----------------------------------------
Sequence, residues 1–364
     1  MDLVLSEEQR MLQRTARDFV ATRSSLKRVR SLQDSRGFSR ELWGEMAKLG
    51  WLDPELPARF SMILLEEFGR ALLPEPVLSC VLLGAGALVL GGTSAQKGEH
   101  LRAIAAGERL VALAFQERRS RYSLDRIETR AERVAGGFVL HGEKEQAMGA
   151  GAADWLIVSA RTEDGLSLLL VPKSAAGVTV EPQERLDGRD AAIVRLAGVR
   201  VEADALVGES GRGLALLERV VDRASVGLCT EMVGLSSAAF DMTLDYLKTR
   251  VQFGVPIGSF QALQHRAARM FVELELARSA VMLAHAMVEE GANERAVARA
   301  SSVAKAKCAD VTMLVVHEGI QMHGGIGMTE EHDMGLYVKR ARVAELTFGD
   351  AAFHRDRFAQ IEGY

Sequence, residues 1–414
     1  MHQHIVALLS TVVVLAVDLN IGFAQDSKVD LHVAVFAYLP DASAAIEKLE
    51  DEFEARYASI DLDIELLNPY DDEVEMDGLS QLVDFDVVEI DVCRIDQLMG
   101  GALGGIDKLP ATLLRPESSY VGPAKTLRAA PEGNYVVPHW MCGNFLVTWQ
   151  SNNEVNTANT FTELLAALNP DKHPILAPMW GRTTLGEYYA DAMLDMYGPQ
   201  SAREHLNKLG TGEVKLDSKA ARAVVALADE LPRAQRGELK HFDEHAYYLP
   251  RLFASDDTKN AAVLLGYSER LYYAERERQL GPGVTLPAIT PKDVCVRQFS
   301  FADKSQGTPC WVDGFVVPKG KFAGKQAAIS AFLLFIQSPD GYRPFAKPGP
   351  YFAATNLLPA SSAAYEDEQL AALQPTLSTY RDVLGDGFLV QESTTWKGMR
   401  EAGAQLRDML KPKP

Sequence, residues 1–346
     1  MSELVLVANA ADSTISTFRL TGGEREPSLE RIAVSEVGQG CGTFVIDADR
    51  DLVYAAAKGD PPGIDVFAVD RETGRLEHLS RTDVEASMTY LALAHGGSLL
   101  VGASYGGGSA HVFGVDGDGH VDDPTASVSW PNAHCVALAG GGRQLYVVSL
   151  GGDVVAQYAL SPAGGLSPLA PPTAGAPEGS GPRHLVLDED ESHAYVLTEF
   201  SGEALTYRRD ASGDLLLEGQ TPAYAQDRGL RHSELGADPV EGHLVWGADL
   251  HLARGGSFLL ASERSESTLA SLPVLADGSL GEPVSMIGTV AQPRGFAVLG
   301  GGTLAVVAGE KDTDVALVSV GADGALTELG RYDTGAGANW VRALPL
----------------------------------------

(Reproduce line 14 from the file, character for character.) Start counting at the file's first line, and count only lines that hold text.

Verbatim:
   151  SNNEVNTANT FTELLAALNP DKHPILAPMW GRTTLGEYYA DAMLDMYGPQ